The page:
When I joined my first eXtreme Programming (XP) team back in 2000, we all watched the Princess Bride together, because we’d heard it was the “XP movie”. Whenever Buttercup asks for something, Wesley replies, “As you wish…” – most hilariously as he is rolling down a steep and rocky hill. With XP, we welcomed changes from our customers, so that was a perfect meme.
What do you wish machine learning would do for you?
I think that Artificial intelligence (AI), specifically machine learning (ML), has huge potential to give us more confidence that we’re providing a product that makes our customers happy. There are already lots of test automation tool vendors applying ML to their products for things like visual testing and identifying performance anomalies. Full disclosure: I’m a testing advocate for one of those vendors, mabl. Naturally, the vendors have their own ideas about how best to use ML to make a product their customers will buy. But I think the people using the software ought to have a say. There are probably many ways ML can help us build quality into our products.
ML is a double-edged sword, it can do harm as well as good. If you train it on inappropriate data or use flawed models you can get biased ML that hurts people. The road to successful applications of ML is paved with both buttercups and Rodents of Unusual Size.
That said, I like to start an improvement effort by thinking of what we’d like to achieve. I did a 3 minute lightning talk at SeleniumConf Chicago a couple weeks ago. My “talk” consisted of me asking the audience, “what do YOU wish AI/ML would help you with?” Since then, I have received more input via social media. I’d like to summarize what I have so far, and then ask you for your suggestions.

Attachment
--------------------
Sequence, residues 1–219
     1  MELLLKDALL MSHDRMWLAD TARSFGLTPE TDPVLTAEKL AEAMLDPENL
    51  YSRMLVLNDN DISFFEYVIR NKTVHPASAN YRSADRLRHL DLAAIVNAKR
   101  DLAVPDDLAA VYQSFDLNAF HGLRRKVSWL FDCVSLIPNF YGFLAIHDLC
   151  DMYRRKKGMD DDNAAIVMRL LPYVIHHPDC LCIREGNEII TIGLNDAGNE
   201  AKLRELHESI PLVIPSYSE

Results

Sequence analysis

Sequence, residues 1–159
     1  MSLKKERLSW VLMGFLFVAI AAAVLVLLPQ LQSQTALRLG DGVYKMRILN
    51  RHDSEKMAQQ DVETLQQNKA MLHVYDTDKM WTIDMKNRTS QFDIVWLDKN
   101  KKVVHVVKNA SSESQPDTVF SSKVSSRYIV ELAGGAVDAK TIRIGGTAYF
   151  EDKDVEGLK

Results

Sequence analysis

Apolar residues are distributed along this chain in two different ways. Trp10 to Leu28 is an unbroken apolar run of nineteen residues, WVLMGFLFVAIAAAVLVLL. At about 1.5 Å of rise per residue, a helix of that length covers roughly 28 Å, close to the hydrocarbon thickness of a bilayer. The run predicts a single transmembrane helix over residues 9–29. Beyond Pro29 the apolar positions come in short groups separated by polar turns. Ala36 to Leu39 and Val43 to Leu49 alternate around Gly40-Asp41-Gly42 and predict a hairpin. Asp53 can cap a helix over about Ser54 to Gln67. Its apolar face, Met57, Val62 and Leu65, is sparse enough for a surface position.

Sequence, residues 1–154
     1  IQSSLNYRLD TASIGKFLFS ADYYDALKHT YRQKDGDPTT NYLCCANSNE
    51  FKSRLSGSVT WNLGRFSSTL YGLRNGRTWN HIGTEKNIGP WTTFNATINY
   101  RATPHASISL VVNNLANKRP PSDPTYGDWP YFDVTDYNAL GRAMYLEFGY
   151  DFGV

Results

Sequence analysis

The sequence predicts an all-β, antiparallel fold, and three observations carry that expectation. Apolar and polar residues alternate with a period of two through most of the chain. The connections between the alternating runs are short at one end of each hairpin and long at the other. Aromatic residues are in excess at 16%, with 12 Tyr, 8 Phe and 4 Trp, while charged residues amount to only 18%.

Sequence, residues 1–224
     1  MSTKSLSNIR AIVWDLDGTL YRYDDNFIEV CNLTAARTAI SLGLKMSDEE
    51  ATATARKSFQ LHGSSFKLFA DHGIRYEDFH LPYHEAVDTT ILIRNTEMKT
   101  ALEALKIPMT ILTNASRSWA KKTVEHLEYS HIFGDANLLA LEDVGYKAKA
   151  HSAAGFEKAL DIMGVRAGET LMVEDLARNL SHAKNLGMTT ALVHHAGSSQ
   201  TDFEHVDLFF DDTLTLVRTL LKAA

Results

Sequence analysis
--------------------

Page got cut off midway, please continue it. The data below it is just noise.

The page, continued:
Ideas so far
The SeleniumConf audience shouted out lots of challenges that they wished ML could help them address, among them:
- “Flaky” automated tests – tests that fail frequently because of timing or just mysterious reasons
- Captchas (I presume they meant, testing captchas, not actually filling them in, but hmmm)
- Cross-site scripting (XSS ) and other format exploit testing
- Help analyze risk and identify where to focus testing, risky areas not adequately covered by automated regression test, what tests are required
- Test case management
- Identifying false negatives & false positives in test results
- Learning how people use the product in production, analyzing usage patterns,
- Detect anti-patterns in code
- Distinguish between good and bad UI layout changes
- Visual testing
- Test data management
- Recording Selenium tests to rerun as performance tests
From Twitter and tester Slack workspaces, I got more ideas. For simplicity, I’m not going to give sources, but some of you may recognize yours. Some of these are related or could build on each other.
- Test results analysis, helping to identify progressive failure insights, finding potential failures before the test actually fails
- Help you design better checks, for example, if a lot of UI tests use the same API endpoint, use ML to suggest that you might be better off testing through the API instead
- Identify multiple flows to accomplish the same thing and see if any are broken
- Enhance the team’s knowledge of the product they are creating and helping prevent bugs
- Analyze the effectiveness of the programming language used
- Detect and predict defect clusters
- Help with error reporting, gather information from logs when errors occur, automatically send data to customer support team
Mike Talks had a great suggestion 🙃 :
Can you think of any other ways machine learning could be applied to help your team make your customers’ day a bit better? What are your pain points as you roll down the rocky hill of delivering a change to your customers? I would love to hear more suggestions. I’ll pass them on to my own team, of course, but I’ll also share them here. I can’t wait to see who comes up not only with great ideas, but also perhaps some way to actually implement one.